I discovered that a URL has to be less than 30 characters, or Twitter automatically creates a Tinyurl version of the URL. This, even if the entire message is less than 140 characters.
There’s no way I can create URLs that are less than 30 character and still maintain my subdomain designations. Therefore I’m not going to try, and will most likely be removing any short URL stuff here. With all the recent “one million followers” foo flah, including the breathless designation that one person achieving one million Twitter followers is equivalent to landing a man on the moon and space flight, in scientific importance, I would just as soon stick with stodgy old weblogging.
Weblogging, where no one really knows how many people are following you, most people don’t care, we can actually communicate complete thoughts, and do what we want with our URLs.
From today’s WhatWG IRC:
hsivonen: I can imagine all sorts of blog posts about evil HTML5 raining on the rev=canonical backpattery parade
svl: Mostly (from what I’ve seen) it’s been “let’s all use this en-masse, so html5 will be forced to include this”.
Of all the items in contention with the HTML5 working group, the use of rev=canonical is not high on my list. Why? Because there’s no real argument for it’s use, and a lot of good arguments against its use, and it’s just as easy to use something else.
This all came about because Twitter was built first, designed later. One of the difficulties to keeping a message to 140 characters is that URLs can take 140 characters, and more. Yet there is no URL shortening mechanism built into Twitter. Not only is there no URL shortening mechanism built into Twitter, Twitter, itself, uses another, 3rd party, service: tinyurl.com.
Now, all of a sudden, people are in a dead cold panic about using a service that may go away, leaving link rot in Twitter archives. I hate to break it to the folks so worried, but it will probably be a cold day in hell before anyone digs into Twitter archives. Most of us can’t keep up with the stream of tweets we get today, much less worry about yesterday’s or last week’s.
But there are a lot of other problems associated with using a 3rd party service. Problems such as the recent Twitter follies, otherwise known as Twitter Been Hacked, that ended up being a not particularly fun Easter Egg this weekend. When you click on a Tinyurl URL, you don’t know what you’re going to get, where you’re going, or worse, what will happen to you when you get there. Even Kierkegaard would have a problem with this leap of faith.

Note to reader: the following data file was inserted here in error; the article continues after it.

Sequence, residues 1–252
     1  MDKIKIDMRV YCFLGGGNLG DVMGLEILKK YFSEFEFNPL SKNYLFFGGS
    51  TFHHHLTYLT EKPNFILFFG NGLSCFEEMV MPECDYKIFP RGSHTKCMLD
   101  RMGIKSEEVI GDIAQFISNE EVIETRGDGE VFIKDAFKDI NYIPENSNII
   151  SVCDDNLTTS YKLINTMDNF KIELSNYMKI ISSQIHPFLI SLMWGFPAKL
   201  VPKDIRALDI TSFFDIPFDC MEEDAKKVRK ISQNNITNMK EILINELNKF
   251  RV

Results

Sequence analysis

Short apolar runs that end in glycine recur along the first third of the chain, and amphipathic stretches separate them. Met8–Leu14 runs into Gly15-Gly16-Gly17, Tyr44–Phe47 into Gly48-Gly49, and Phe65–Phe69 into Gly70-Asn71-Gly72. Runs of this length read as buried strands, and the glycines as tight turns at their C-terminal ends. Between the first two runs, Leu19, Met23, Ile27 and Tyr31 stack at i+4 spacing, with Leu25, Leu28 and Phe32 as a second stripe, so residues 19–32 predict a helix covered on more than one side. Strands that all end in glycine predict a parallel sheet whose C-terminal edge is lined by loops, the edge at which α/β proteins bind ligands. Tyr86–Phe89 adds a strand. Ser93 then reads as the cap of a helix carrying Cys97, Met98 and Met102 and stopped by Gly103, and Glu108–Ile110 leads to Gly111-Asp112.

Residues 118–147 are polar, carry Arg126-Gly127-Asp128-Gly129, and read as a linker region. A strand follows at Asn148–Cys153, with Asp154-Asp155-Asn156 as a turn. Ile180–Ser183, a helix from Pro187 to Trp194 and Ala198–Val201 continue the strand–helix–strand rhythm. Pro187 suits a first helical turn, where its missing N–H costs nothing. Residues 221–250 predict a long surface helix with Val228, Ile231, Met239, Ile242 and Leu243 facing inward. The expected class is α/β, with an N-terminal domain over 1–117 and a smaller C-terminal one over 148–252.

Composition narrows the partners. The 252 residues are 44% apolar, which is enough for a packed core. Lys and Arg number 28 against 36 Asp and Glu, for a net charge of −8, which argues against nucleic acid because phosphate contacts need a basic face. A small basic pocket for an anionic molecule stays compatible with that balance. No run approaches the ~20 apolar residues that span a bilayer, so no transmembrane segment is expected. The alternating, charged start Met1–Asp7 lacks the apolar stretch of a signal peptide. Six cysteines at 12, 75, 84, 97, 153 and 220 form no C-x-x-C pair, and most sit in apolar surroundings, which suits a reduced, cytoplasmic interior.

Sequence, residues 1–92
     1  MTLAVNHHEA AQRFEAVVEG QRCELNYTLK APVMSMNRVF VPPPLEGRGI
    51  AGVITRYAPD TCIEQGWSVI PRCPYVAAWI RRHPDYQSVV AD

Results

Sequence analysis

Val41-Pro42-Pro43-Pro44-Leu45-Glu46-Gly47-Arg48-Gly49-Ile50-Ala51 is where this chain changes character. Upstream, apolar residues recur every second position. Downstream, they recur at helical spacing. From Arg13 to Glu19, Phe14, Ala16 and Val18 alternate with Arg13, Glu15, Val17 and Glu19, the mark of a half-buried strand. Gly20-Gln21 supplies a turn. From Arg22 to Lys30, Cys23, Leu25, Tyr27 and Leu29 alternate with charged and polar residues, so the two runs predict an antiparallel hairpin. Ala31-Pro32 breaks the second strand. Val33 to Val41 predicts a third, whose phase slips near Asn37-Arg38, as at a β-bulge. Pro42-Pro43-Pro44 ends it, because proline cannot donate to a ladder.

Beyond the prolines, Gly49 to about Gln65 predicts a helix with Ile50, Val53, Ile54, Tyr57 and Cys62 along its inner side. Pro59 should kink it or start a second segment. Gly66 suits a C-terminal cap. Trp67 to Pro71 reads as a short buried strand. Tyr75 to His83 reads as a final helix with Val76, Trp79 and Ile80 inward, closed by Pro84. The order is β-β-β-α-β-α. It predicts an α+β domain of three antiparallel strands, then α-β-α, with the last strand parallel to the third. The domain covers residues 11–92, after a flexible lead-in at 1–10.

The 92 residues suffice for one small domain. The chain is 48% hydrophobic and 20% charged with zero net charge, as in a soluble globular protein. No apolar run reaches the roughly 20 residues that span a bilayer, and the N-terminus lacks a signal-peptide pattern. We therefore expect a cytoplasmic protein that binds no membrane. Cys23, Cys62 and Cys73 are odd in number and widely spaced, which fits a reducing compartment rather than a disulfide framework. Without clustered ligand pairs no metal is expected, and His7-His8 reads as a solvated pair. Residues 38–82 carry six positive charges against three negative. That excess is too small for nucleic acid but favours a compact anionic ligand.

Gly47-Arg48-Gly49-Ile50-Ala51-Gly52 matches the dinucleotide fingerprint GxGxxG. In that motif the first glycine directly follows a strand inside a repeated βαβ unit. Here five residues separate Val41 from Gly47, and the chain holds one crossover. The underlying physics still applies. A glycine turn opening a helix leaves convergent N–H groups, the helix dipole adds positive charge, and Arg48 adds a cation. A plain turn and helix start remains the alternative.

There’s also an issue with search engine link credit, not to mention everyone using different URL shortening services so you can’t tell if someone has referenced one of your posts in Twitter, or not. This didn’t use to be a problem, but since everyone does most of their linking in Twitter now, it gets mighty quiet in these here parts. You might think, sigh, no one likes what you’re doing, only to find out that a bunch of people have come to your party, but the party’s been moved to a different address.
So I think we can agree that third party URL services may not be the best of ideas. I, personally, like that we provide our own URL shorteners. Not only would we get the search engine credit, it should encourage the use of the same URL in Twitter, which might help us find the party we lost. Plus, wouldn’t you rather click a link that has burningbird.net in it, then one that has dfse.com? Implementation of our own short URLs should be simple in this day and age of content management systems. All we need to do is agree on a form.
Agree? Did someone say, agree?
As I wrote earlier, I’ve heard too many good arguments against rev=canonical, including the fact it’s too easy to make a typo and write rev=canonical, when we mean rel=canonical, and vice versa. In addition, rel is in HTML5, rev is not, and I’m not going to hammer a stake in the ground over rel/rev. I’m keeping my stakes for things that are important to me.
Note to HTML5 WG: she has a hammer. And stakes.
As for what attribute value to use with rel, whether it’s shortlink or shorturl or just plain short, I don’t care. I took about five minutes to implement shortlink in this space. I implemented shortlink, because this is the option currently listed in the rel attribute wiki page. However, it would only take about a minute to change to shorturl. I even added the short link to the bottom of my posts, which can be copied manually and used to paste into a Twitter post, if you’re so inclined. See, I don’t have to wait for anyone’s approval; I am empowered by Happy Typing Fingers.
Regardless of what we do, I agree with Aristotle: way too much effort on something that should be easy to decide, quick to implement, giving us time to worry about things that are important in HTML5. Things such as SVG, RDFa, and accessibility.
Other discussions related to rel/rev/tiny:
- Zeldman: Tiny URL Big Trouble
- Madness? This is HTML5!
- Schachter on URL Shorteners
- Sam Ruby: Canonical Reverse Or Wisdom Defying Shorturl
- Anne: Rev Canonical
- A quote from Ian Hickson
- Counting the ways rev=canonical hurts the web
- Les Orchard: I (used to) like rev=”canonical”
- Short and Canonical URLs
And that’s my 4424 character take on tiny URLs.
Another reason tiny URLs are getting attention is because of the evil new DiggBar. Goodness gracious, people, why on earth do you use crap like this?